Follow these stay-sharp tips and you’ll never experience a dull moment.
The textured steel rod that comes in most knife blocks will maintain your blades’ sharp edges. So whenever you’re about to use a knife, give it a quick honing first. The technique is easy once you get the hang of it: With your non-dominant hand, hold the steel vertically, with the tip secure on a stable surface. With your dominant hand, hold the knife horizontally at a 20-degree angle and draw the blade down and toward you, across the steel, from the heel to the tip. Do this about four times per side. For more tips, watch this video on how to hone a knife.
To repair nicks and other mars on a blade’s edge, you need to sharpen it. How to tell if a knife needs sharpening? It will slide right off the skin of an onion. Skip electric sharpeners, which strip away too much metal. Most chefs prefer pumice-like water stones, but they can be tricky to master. A handheld tool, such as Accusharp ($14, amazon.com), is easier.
“The up-and-down motion of chopping dulls the edge,” says Michael Psilakis, the executive chef and owner of several restaurants, including Kefi and Fishtag, in New York City. Better, he says, is “rocking” or “sliding,” making sure the knife stays in contact with the cutting board. That said, “whenever a knife hits the surface of any board, microscopic burrs form on the metal, causing the edge to become dull,” says Norman Kornbleuth, the owner of Broadway Panhandler, in New York City. To minimize damage, avoid acrylic, glass, or stone boards; stick with wood or plastic. And when scraping food off a board, flip the knife and use the spine, not the blade.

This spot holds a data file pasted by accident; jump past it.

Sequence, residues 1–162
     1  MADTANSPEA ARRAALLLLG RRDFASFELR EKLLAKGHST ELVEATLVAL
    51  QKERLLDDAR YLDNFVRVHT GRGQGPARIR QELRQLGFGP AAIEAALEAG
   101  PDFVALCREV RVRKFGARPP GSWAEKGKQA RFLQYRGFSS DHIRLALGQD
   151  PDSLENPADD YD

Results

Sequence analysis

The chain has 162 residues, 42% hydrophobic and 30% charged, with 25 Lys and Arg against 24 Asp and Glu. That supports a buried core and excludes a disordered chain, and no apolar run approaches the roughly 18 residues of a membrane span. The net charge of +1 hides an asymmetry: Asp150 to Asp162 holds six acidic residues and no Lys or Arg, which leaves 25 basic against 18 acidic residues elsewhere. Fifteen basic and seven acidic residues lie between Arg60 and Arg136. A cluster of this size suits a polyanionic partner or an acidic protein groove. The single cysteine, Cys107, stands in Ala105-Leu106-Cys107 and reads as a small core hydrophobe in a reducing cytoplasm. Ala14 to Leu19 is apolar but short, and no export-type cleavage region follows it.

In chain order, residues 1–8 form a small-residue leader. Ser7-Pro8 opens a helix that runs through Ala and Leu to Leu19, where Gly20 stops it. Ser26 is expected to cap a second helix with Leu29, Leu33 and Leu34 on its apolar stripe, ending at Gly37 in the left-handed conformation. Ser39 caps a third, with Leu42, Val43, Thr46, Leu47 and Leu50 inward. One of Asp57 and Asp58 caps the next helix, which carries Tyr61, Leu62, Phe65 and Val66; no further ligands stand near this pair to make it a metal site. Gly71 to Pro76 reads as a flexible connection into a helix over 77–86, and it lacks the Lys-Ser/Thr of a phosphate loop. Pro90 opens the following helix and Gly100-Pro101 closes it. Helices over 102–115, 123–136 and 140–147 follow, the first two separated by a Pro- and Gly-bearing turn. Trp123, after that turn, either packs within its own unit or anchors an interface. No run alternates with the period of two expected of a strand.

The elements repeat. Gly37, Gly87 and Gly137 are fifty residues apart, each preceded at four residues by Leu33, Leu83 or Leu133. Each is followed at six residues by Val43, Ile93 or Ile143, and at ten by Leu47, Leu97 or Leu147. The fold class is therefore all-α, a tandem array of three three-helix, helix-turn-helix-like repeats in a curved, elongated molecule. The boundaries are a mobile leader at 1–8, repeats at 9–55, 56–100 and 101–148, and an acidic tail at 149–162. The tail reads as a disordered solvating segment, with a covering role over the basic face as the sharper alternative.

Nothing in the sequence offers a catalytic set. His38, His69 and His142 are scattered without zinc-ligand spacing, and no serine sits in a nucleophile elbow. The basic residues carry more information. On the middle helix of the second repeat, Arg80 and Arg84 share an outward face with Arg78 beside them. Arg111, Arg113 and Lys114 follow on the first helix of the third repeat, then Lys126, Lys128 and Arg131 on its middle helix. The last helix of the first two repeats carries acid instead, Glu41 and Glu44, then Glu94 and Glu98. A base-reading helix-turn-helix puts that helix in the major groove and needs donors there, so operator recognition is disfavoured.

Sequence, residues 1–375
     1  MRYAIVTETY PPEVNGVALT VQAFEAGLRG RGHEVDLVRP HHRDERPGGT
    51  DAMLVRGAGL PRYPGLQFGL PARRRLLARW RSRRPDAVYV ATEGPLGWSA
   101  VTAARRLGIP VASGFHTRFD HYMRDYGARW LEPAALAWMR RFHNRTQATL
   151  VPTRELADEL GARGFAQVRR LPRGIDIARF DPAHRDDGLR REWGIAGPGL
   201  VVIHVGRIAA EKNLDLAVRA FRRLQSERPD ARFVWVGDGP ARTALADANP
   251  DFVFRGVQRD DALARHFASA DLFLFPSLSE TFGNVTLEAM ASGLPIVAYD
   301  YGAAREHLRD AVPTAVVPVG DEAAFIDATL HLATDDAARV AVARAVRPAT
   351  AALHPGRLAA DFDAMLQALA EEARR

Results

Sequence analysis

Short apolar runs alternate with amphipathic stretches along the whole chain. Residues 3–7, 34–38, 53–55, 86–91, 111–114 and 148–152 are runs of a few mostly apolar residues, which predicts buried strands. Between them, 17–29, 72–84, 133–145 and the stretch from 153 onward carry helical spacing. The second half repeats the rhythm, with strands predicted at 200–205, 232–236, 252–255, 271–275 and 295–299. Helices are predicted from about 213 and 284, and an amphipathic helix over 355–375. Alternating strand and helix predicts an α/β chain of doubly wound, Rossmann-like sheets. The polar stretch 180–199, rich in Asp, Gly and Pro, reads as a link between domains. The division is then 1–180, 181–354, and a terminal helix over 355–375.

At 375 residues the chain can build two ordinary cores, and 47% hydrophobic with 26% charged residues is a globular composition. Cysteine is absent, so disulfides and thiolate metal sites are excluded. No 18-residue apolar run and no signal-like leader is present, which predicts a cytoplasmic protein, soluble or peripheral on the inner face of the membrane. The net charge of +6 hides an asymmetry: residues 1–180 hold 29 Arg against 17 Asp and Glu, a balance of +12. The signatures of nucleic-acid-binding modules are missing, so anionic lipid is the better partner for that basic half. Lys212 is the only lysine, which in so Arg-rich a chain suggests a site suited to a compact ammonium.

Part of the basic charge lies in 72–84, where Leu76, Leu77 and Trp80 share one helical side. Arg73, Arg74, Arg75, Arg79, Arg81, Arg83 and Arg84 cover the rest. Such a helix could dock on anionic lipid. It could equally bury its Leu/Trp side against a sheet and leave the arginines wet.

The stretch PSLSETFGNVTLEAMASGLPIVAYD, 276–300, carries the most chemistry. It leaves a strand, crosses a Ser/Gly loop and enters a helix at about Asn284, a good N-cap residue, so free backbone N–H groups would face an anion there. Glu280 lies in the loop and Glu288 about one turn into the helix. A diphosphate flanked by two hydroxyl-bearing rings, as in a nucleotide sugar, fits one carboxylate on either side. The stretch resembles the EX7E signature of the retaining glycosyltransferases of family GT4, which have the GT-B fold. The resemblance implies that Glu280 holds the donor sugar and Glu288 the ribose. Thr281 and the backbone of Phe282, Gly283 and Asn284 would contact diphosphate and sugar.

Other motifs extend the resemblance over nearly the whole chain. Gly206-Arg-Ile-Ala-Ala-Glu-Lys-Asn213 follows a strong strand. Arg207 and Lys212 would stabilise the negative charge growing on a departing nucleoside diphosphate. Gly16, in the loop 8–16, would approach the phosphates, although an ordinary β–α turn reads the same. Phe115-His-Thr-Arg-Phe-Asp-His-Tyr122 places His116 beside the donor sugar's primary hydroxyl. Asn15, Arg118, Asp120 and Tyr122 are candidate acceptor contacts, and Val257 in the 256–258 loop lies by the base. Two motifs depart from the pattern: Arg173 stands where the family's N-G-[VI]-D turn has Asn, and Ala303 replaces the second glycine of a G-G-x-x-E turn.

Wash by Hand
Both blade and handle can get banged up and warped in the dishwasher, says Brendan McDermott, a knife-skills instructor at the Institute of Culinary Education, in New York City. Hand wash in warm, soapy water, with the blade away from you. If knives are made of carbon steel, wipe them dry instead of letting them air-dry, as rust and blotches can form.
“Other utensils can nick and ruin knives if you throw them in with silverware,” says McDermott. Sheathing blades in inexpensive plastic guards ($3 to $8 each, messermeister.com) and laying them flat side-by-side in a drawer is ideal. Can’t give up that precious real estate? Hang them on a magnetic board. Knife blocks are also fine, as long as the slots are horizontal, not vertical, so the blades rest on their sides, not the cutting edges. Find one more unexpected way to keep your knives sharp.
Special thanks to Jeffrey S. Elliot, President at Culinary Relations